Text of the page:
Richard North, 03/05/2018  

Trying to analyse current events Brexitland is a complete waste of time. It's like expecting a specialist chess correspondent to take time out from the world championships to report on pre-school children playing the game when they don't know the rules, and expecting a predictable outcome.

The ultimate irony is that it doesn't matter anyway. The government, on the one hand, is talking complete nonsense, with its half-baked idea of a "customs partnership" while Ree Smog and his merry band want something completely different in some senses, but entirely the same in that it is equally irrelevant to the grand solution.

Circling the perimeter are the vultures, with the House of Lords doing such things, the like of which we know not yet. They are unlikely to be the terrors of the earth, though. Their accumulated votes are just about as irrelevant as just about everything else being done.

As for the government, to get it out of the hole which it has so recklessly dug for itself, we all know what must be done. But such things as are needed will not be done. Instead, ministers will continue to indulge in activities equivalent to sitting at a chequered board shunting pieces over the squares, with only the vaguest idea of what moves to make, until the time runs out.

What these people have to realise is that the "no deal" Brexit is like a massive bomb primed to explode automatically when the time runs out. That is the default scenario. For it not to happen, the hero must reach the detonating mechanism before the clock stops ticking and cut the green wire – or is it the red?

But in this game, there is no hero – just a prime minister who thinks that, if she says nice things to the bomb designers, they will switch it off and present her with a gift package of her choice. Neither she nor her ministers are really convinced that it will go off.

So, this is where we are – on a countdown to a "no deal", with no serious (or any) attempts being made to cut the wire. Millions more words will be spoken and as many more written before the detonation, but they will have no impact on events – none whatsoever. The die is cast.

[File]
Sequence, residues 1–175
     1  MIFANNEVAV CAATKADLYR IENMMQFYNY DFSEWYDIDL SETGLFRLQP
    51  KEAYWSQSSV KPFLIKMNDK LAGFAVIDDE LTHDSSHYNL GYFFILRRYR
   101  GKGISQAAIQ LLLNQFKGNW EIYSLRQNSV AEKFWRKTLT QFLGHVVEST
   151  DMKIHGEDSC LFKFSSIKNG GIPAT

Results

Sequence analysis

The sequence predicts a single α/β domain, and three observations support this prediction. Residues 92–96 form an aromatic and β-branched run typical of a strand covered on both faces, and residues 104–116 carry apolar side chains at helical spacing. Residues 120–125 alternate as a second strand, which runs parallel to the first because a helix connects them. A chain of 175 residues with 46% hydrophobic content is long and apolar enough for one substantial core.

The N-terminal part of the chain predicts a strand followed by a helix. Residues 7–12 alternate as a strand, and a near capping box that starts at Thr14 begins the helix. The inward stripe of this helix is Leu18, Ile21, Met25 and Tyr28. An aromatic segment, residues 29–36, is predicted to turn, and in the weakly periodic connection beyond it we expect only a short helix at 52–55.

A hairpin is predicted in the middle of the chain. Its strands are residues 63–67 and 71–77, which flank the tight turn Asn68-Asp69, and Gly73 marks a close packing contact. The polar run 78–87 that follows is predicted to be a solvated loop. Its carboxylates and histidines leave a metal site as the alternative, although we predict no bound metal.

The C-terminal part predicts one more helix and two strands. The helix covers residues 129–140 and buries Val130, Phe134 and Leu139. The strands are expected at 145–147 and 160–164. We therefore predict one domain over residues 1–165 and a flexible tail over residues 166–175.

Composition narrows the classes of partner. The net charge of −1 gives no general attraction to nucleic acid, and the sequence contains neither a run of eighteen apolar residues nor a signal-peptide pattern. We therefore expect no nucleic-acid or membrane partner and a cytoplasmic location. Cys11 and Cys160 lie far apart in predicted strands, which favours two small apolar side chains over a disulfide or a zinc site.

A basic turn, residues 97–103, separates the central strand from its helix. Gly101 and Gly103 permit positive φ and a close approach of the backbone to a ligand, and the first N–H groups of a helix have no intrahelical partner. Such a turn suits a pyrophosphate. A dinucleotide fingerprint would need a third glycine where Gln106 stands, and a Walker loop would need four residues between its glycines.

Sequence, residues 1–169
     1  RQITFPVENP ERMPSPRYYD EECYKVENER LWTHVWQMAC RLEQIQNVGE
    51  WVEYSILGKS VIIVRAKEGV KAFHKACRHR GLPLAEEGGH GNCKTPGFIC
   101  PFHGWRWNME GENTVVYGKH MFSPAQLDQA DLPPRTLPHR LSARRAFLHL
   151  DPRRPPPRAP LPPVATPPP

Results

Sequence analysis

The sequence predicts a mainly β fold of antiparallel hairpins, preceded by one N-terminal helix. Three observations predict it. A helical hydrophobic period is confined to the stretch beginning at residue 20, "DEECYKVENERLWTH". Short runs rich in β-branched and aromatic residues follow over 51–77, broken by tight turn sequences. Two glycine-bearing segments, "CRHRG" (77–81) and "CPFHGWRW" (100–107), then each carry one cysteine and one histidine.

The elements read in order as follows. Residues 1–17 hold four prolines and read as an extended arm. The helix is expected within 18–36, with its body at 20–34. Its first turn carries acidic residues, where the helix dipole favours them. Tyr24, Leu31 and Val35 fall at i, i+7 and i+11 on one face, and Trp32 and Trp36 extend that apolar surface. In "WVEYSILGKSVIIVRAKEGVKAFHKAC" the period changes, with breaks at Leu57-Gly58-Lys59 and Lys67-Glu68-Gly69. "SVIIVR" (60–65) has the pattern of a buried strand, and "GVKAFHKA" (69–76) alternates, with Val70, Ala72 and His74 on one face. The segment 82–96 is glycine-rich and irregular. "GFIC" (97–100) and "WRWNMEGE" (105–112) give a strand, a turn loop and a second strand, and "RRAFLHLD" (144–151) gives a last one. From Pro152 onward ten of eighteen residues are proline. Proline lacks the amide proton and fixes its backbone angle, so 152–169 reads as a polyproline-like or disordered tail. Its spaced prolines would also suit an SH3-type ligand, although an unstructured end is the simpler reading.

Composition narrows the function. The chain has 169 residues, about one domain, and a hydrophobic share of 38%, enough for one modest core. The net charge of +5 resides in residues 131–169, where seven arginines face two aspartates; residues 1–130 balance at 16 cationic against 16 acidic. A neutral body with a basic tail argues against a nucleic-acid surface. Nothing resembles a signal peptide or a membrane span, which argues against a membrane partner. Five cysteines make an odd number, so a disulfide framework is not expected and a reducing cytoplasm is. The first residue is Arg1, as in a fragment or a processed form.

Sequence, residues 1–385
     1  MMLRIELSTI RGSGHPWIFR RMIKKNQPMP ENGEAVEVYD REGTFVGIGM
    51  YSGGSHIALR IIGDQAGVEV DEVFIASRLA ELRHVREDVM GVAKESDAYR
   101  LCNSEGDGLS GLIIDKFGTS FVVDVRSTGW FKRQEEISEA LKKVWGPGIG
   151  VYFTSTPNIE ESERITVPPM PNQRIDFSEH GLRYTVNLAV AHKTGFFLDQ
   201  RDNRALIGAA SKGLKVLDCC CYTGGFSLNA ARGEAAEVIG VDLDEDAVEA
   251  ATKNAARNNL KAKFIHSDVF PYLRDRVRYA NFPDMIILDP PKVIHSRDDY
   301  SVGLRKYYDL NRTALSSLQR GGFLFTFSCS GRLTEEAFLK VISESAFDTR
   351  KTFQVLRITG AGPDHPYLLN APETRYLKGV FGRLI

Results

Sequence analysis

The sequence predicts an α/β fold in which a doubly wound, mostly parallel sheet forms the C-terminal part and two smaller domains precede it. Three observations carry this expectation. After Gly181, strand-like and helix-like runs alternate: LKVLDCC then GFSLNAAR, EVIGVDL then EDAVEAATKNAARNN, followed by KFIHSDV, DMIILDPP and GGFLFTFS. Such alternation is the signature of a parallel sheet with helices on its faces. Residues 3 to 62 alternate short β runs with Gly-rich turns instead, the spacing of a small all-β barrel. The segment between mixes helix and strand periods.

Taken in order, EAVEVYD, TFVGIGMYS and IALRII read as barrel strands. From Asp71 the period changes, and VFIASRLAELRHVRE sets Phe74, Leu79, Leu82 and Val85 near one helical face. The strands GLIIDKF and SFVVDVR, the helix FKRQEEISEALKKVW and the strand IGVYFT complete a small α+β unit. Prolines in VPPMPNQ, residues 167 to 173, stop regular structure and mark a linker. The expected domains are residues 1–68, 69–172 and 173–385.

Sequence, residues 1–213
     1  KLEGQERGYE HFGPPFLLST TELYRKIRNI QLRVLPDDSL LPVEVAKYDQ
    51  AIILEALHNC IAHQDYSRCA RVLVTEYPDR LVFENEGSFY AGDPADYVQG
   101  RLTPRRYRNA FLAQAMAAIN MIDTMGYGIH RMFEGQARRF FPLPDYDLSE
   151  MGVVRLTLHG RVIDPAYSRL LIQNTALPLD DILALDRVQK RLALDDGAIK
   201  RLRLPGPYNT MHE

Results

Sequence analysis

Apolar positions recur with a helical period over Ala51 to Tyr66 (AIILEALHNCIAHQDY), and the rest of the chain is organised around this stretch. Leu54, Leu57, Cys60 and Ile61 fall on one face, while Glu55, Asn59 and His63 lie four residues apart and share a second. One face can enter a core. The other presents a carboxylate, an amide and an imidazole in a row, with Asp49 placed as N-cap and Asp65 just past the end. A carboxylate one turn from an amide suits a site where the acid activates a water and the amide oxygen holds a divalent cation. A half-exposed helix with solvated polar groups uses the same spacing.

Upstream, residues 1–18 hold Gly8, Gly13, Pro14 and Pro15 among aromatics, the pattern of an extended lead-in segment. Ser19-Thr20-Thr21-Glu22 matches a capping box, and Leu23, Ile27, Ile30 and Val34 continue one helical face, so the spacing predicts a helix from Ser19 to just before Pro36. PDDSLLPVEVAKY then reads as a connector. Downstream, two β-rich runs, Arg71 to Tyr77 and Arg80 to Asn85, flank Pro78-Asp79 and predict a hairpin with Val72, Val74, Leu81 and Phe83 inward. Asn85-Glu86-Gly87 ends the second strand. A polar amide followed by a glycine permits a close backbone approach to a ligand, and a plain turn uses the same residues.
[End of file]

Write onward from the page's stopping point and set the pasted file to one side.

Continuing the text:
Not least of our problems is that too many people in high places simply do not believe that the countdown is automatic and, if it is, the "no deal" scenario is nothing to worry about. The so-called "WTO option" holds no terrors for them, or they believe the EU will come to the rescue at the last minute, and make things continue just as they were before.

For the rest of us, barring a miracle, we have run out of options, and can only wait for the inevitable – earlier than some expected as there is unlikely to be a transition period. Barnier has made himself crystal clear: if there is no solution for the Irish border, there will be no withdrawal agreement – and no transition period.

One wonders what it takes to get through to our politicians, and convince them that Barnier means what he says. But then, in the forty years or so that we've been members of the Communities (and now the Union), our relationship has been littered with UK politicians who have dismissed the words of the "continentals", saying they didn't really mean what they've said.

When not just Barnier, but Tusk and Juncker, to say nothing of a procession of Irish politicians, have all being saying that the UK government's preferred option is not good enough, it is perhaps time to take notice.

There is of course, the chance that Mrs May will change tack and accept the EU's version of the "backstop" that she has already rejected, even with the face-saver pretence that it is only a temporary inconvenience. But there is no sign that this is any more politically palatable now than it was when she first rejected it.

And then, as I pointed out a little while ago, if this means a "wet border", the government has made no plans to implement it, and has none of the resources needed to put it into place by the end of a national transition period. Even if Mrs May was prepared to accept the EU's solution, she doesn't have the wherewithal to make it work.

For analysts such as myself, therefore, we are getting to the point where we have to decide how we handle the prospect of a "no deal" Brexit. I personally have written a great deal pointing out the consequences, and the European Commission's "Notices to Stakeholders" have added considerably more detail.